The last few years have seen a boom in the oil and gas exploration business in the U.S., driven by new technologies that have allowed exploitation of "unconventional" resources for gas and oil. These resources are often called "resource" plays, because the oil and gas is being produced from shale beds. Shale is known by geologists to be the source or "resource" of pockets of oil and gas accumulated over hundreds of years in more conventional oil and gas sands, trapped by faults and other geological anomalies.
The resource plays in the news over the last couple of years are the Barnett Shale in Texas, in and around Fort Worth, the Fayetteville Shale in Arkansas, the Bakken Shale in North Dakota, and more recently the Marcellus Shale in Pennsylvania and New York, the Haynesville Shale in Louisiana and East Texas, and the recently discovered Eagle Ford Shale in South Texas. Exploitation of these resources has resulted from two factors: improved technology, especially horizontal drilling, and high oil and gas prices. The discovery and exploitation of these shale plays has dramatically increased the U.S. reserves of natural gas. The top producing well in the Haynesville Shale produced 713 million cubic feet of gas in December, an average of 23 mmcf per day.
The table below shows the increase in production from the Barnett Shale since 1982:
These shale plays have had dramatic effects in the U.S. economy and in U.S., state and local politics. For example:
-- Lease bonuses in the Barnett and Haynesville Shale plays reached heights unheard of last year -- $25,000 to $30,000 per acre. By September 2008, Chesapeake had acquired leases covering 550,000 acres, EnCana and Shell had bought 325,000 acres, Petrohawk Energy 275,000 acres, Devon energy 130,000 acres. Haynesville lease bonuses averaged more than $13,400/acre. The Haynesville play was like the California gold rush.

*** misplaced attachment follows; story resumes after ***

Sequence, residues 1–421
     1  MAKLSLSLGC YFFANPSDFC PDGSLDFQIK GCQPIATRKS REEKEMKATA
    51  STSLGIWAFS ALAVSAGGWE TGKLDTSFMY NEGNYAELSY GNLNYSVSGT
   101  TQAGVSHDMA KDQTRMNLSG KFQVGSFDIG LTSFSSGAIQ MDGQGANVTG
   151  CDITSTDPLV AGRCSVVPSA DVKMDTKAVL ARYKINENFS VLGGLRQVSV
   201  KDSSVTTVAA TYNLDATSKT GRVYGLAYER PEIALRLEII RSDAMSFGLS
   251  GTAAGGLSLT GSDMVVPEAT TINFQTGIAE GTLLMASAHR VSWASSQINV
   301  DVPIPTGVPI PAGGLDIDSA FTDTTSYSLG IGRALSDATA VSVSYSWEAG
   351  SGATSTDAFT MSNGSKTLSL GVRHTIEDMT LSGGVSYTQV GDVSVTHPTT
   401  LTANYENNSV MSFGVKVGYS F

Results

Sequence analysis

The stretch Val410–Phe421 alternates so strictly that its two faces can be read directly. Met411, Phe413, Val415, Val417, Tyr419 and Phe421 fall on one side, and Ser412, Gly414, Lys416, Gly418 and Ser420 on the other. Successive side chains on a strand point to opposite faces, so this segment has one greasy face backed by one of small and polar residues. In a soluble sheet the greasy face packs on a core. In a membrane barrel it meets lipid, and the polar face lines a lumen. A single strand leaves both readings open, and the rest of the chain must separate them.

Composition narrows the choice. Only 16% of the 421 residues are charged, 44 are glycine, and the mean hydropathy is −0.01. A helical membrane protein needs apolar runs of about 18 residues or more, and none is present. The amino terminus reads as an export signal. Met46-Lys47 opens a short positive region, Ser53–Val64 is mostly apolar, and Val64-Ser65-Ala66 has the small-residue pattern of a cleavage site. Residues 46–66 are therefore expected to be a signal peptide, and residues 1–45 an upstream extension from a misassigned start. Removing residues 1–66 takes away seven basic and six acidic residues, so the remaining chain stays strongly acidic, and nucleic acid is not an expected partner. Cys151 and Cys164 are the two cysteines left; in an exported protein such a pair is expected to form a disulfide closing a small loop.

-- The Haynesville Shale is 200-300 feet thick. Recoverable gas reserves are estimated at 24-60 Bcf (billion cubic fee, or a million mcf) per square mile. Estimated ultimate recoveries from Haynesville wells have been estimated at 4.5 to 8.5 Bcf per well.
-- In and around Fort Worth, and in areas of Pennsylvania, landowners began to organize themselves to bargain with exploration companies as a group, to increase their leverage to obtain better lease terms.
-- Ray Perryman, a Texas economist, estimated that the economic impact of the Barnett Shale on the Barnett Shale Region in 2008 was almost $30 Billion.
-- Horizontal drilling technology has allowed the drilling of wells in urban areas, including under the DFW Airport and under the campus of Texas Christian University in Fort Worth.
-- Urban drilling has also lead to increased regulation by municipalities of drilling activities in urban areas. Fort Worth and surrounding cities have adopted increasingly sophisticated and complex drilling ordinances, regulating aspects of drilling and producing wells that have not heretofore been the subject of regulation, including sound abatement, air pollution, pipeline safety, and street maintenance.
-- Members of the Texas Legislature, now in session, have introduced numerous bills - principally in response to complaints by constituents - to allow municipalities, counties and groundwater districts some authority to regulate condemnation for and location of pipelines, underground disposal of produced water and frac water, and "the quality of the environment." Industry lobbyists are being kept busy opposing those bills.
-- The Pennsylvania Legislature is considering bills to impose a property tax on producing minerals and a severance tax on production in that state.